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Summer event organizers optimistic

St. Albert Rotary Music Festival, Rainmaker Rodeo and Children's International Festival of the Arts provide updates

Will large festival-like events happen this year? One day, COVID-19 numbers are down. The next day, they’re back up. Even with eyes glued to the statistics and growing variants, there is still a great deal of uncertainty about what will happen.  

Despite the flip-flop data, organizers for the St. Albert Rotary Music Festival, Rainmaker Rodeo and Children’s International Festival of the Arts remain positive and have plans in the works. 

St. Albert Rotary Music Festival 

One of only a few running this year, the St. Albert Rotary Music Festival will be showcasing the talents of young regional musicians from April 6 to 16. 

While organizers have little control over the pandemic, they have brought in a top-notch recording studio. Pika Audio is recording each performance for online adjudication. Some of the performances will be incorporated into Encore 2021, the festival’s final grand performance, streamed on April 29. 

Pika Audio uses a fully portable multi-track setup. It specializes in recording live off the floor venues and doing specialty recordings on location. 

Jeremy Maitland, who is heading the recording sessions, has recorded in Edmonton for 10 years. His resume includes work as head audio engineer for the Royal Canadian Artillery Band for six years. 

“He has recorded with the Edmonton Symphony, Edmonton Youth Orchestra, the Da Camera Singers, numerous jazz and other performances. He has also recorded the recent Sticks and Stones album “Marimba Around the World,” stated festival chair Mark Moran in an email sent to the Gazette

Watch for a link to Encore 21 at

Rainmaker Rodeo 

Traditionally, the Rainmaker Rodeo serves as St. Albert’s big break-away party from winter into summer. Will it be cancelled? Will it return? Will it return in a modified version? 

“The truth is I don’t know. It’s too early to have answers. We’re doing a lot of planning and organizing but before we do a deep dive, we need to hear from Alberta Health Services and the City of St. Albert,” said Rainmaker chair Rob Ladouceur.  

He added there was discussion about potentially showcasing bands. 

“If we are able to run an event, we want to run it as safely as possible. In this climate of COVID and the upcoming variants, we want to make sure it’s absolutely safe. I talk to a lot of other service club members, and most people I spoke with want to put on events. But they don’t want anyone to get hurt. Safety is paramount.”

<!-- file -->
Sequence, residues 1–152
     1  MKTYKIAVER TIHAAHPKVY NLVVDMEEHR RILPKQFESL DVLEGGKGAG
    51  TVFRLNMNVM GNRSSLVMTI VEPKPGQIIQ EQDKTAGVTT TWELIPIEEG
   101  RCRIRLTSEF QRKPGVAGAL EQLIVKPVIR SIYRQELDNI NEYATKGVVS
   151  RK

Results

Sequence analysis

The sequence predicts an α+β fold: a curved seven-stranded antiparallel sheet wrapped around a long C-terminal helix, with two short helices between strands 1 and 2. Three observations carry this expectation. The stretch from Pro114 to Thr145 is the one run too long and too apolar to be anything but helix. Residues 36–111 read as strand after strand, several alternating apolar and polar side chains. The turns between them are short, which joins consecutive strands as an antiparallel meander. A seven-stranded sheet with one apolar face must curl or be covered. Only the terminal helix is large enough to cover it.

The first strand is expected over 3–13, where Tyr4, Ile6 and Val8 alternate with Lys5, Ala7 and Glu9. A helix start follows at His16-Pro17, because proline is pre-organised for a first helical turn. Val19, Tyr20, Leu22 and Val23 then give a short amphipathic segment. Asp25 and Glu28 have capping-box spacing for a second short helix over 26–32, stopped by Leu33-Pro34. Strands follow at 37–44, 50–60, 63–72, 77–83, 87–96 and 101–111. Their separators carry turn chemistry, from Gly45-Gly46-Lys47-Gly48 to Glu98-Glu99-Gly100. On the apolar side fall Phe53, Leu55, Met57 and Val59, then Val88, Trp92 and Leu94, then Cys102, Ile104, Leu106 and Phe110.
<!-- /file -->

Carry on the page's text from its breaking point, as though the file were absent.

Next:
International Children’s Festival 

If Andrea Gammon had her way, the 40th anniversary of the International Children’s Festival of the Arts would be celebrated with all the pomp and pageantry it deserves. Unfortunately, COVID-19 is a guest in our house and it’s caused a lot of havoc. 

Gammon, who is festival manager, has worked with a dedicated team for months to devise a way children can celebrate the arts while remaining safe. 

The solution is "40 Days of Play," a series of free activity prompts that will be posted daily from April 28 to June 6. 

“We’ll post these creative prompts on our website and encourage people to become involved. They’re free. They’re easy and you can do them in the comfort of your own home. They could be as simple as decorating a window with butterflies or planting seeds in a pot,” said Gammon. 

Organizers have created two hashtags, #40DaysofPlaynaicf and #Beasocialbutterflynaicf, for people to post photos of their participation online. 

“We want to see all the ways people can be joyful and creative throughout the 40 days.” 

The 40 Days of Play culminates June 5 and 6 with a series of digital performances.  

“There will be on a variety of artists and the bulk will livestream. There will be some national artists, some from Australia and the United States, and some from Alberta.” 

Ticket costs for the streaming performances will be in line with previous live festival performances. They will go on sale April 28 at

“This year is a moving target and we’re trying to make this a community effort. We recognize everyone needs light and life. We hope to encourage people to decorate their windows and remind people of what the festival is about.”